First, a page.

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Thousands March in Geneva in Protest Against U.S. and Soviet Policies

Times Staff Writer

Several thousand demonstrators, representing an odd mixture of leftist, pacifist, religious and nationalist organizations, marched through the downtown streets of Geneva on Saturday, heaping both scorn and demands on President Reagan and Soviet leader Mikhail S. Gorbachev.

In a peaceful protest staged several hours before President Reagan’s arrival in Geneva and three days before the opening of his summit conference with Gorbachev, they walked behind a huge banner that proclaimed, “Reagan-Gorbachev: The World Does Not Belong to You.”

Yet the placards and chants that followed made it clear that a wide variety of people of different political affiliations and different nationalities either blame the United States and the Soviet Union for their problems or insist that the two superpowers can solve them.

“Reagan Out of Central America. Gorbachev Out of Afghanistan,” said one banner. Nicaraguans and Chileans blamed the United States for their troubles; Poles blamed the Soviet Union for theirs. Eritreans called for the Ethiopians and Soviets to leave their province. Palestinians called for freedom for occupied Palestine. Kurds wanted their Kurdistan.

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But the spectrum of demands did not stop there. Refugees cried for Indonesia to get out of Timor. Hare Krishnas danced with cymbals and drums, holding aloft signs that demanded, “Free the Soviet Hare Krishnas.”

Militants from the anti-nuclear movement carried aloft enormous papier-mache skull masks and walked slowly behind musicians playing an eerie dirge. Women held up a banner, “Feminists Against Militarization.”

A gay liberation group proclaimed disdainfully, “Heterosexuality Is Like a Mixture of Vodka and Cola.” A pacifist group, however, found that mixture of drinks pleasing. “Vodka-Cola, Yes,” its banner said. “SS-20s-Pershings, No"--a reference to the Soviet and U.S. intermediate-range nuclear missiles deployed in Europe.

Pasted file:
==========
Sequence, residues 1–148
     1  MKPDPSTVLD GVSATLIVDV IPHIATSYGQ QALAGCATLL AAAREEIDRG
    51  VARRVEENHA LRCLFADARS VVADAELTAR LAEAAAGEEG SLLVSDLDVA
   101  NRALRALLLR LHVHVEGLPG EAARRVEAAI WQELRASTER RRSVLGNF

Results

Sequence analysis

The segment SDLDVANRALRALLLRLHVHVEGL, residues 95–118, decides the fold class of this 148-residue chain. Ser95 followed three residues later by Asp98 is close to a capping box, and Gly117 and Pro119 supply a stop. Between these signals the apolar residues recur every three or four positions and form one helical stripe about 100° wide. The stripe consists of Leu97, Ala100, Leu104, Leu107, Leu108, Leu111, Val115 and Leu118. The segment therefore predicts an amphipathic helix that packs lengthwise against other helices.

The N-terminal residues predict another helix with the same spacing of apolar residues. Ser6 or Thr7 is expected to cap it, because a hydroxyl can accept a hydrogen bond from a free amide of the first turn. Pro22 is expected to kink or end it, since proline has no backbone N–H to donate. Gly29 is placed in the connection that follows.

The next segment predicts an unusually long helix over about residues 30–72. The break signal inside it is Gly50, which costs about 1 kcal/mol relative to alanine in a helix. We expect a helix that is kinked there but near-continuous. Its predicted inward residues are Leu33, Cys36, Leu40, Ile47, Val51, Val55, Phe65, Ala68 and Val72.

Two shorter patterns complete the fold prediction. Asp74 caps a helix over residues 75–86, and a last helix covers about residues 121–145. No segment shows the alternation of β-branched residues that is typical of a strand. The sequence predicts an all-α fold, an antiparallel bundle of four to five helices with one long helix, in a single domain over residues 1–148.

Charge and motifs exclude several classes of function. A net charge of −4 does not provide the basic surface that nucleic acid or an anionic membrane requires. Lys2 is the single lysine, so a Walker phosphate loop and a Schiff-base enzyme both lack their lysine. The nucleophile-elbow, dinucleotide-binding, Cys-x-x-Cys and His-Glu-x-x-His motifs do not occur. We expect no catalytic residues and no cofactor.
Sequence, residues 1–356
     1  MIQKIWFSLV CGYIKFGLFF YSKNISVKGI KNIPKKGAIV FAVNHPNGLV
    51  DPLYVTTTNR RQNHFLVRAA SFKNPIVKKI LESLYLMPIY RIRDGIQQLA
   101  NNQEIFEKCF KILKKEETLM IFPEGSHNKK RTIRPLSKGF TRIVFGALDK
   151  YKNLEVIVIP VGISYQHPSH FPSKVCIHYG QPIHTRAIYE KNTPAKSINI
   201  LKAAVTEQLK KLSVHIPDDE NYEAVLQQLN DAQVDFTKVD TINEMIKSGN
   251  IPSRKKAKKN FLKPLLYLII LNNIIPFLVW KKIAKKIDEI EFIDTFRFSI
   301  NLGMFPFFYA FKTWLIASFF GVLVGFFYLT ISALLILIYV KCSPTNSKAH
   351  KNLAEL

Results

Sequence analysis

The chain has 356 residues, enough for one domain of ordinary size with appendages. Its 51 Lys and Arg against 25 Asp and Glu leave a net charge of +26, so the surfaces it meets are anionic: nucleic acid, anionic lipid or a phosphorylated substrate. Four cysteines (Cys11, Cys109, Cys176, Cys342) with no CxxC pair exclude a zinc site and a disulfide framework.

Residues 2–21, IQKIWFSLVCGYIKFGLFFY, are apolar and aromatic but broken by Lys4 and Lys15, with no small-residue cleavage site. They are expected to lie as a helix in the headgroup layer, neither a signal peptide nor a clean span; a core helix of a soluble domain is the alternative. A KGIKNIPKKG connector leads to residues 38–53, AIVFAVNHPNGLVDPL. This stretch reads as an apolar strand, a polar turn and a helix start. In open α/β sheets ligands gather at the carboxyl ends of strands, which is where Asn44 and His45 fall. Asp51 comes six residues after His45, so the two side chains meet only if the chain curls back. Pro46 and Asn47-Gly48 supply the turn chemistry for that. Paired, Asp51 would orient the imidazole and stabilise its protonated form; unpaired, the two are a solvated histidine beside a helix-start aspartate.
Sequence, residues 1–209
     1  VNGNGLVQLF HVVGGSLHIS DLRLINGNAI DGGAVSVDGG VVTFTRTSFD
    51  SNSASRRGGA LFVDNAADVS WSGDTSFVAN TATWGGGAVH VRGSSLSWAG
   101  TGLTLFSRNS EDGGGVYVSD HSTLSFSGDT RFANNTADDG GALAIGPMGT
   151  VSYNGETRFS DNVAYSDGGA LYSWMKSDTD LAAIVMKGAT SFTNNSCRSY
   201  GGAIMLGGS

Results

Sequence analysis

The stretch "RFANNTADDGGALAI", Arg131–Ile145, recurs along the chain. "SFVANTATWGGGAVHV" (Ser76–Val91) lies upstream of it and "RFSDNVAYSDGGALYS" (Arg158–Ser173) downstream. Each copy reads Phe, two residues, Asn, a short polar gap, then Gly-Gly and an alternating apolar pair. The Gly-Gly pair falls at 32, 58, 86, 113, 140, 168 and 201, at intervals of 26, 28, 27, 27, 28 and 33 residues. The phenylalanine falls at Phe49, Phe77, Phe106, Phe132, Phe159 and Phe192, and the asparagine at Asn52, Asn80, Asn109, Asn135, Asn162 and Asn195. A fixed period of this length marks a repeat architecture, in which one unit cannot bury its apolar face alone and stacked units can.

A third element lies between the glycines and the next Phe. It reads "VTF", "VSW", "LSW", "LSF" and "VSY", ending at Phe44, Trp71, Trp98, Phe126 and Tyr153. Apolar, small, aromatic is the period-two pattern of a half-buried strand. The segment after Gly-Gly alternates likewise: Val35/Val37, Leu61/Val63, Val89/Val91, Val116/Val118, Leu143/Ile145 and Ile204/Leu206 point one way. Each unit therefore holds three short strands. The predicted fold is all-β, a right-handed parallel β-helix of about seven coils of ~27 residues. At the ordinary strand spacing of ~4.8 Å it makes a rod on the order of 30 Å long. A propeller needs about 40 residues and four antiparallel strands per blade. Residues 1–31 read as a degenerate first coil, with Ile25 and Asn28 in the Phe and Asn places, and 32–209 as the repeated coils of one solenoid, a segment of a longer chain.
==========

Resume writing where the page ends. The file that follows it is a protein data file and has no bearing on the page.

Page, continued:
Some demonstrators handed out leaflets on a local issue, the decision by the Swiss government to expel illegal immigrants to their native lands. “Switzerland welcomes the big people,” the leaflet said, “but it throws out the small.”

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A majority of the marchers seemed more critical of Reagan than of Gorbachev, but there were enough barbs to trouble both. And a Maoist group, which holds the United States and the Soviet Union in equal disdain, hoisted a red banner with the scornful slogan, “Reagan Is the Last Cowboy, and Gorbachev is the New Czar.”

The groups were so disparate that, despite the overriding theme of peace, some demonstrators jostled and shouted at each other as they struggled for what they regarded as the most favored places in the march.

“Calm yourself! Calm yourself!” one parade official shouted at a group of anti-nuclear battlers.

The government of the canton, or state, of Geneva, extremely concerned about security, has refused to allow any demonstration during the summit conference itself and authorized this one so long as it stayed away from the residential areas and offices of the U.S. and Soviet delegations. The demonstrators marched along the main downtown streets on both sides of the lake that divides the city.

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A police spokesman estimated that more than 5,000 demonstrators took part in the march. Geneva canton officials had feared earlier that the demonstration would attract even more than that. They were especially concerned about a huge influx of pacifist Greens Party demonstrators from West Germany.

Most of the organizations sponsoring the demonstration came from Switzerland, but they were joined, according to the organizers, by groups from West Germany, Italy, Spain, Austria, Belgium, France, Norway, Sweden and other countries.


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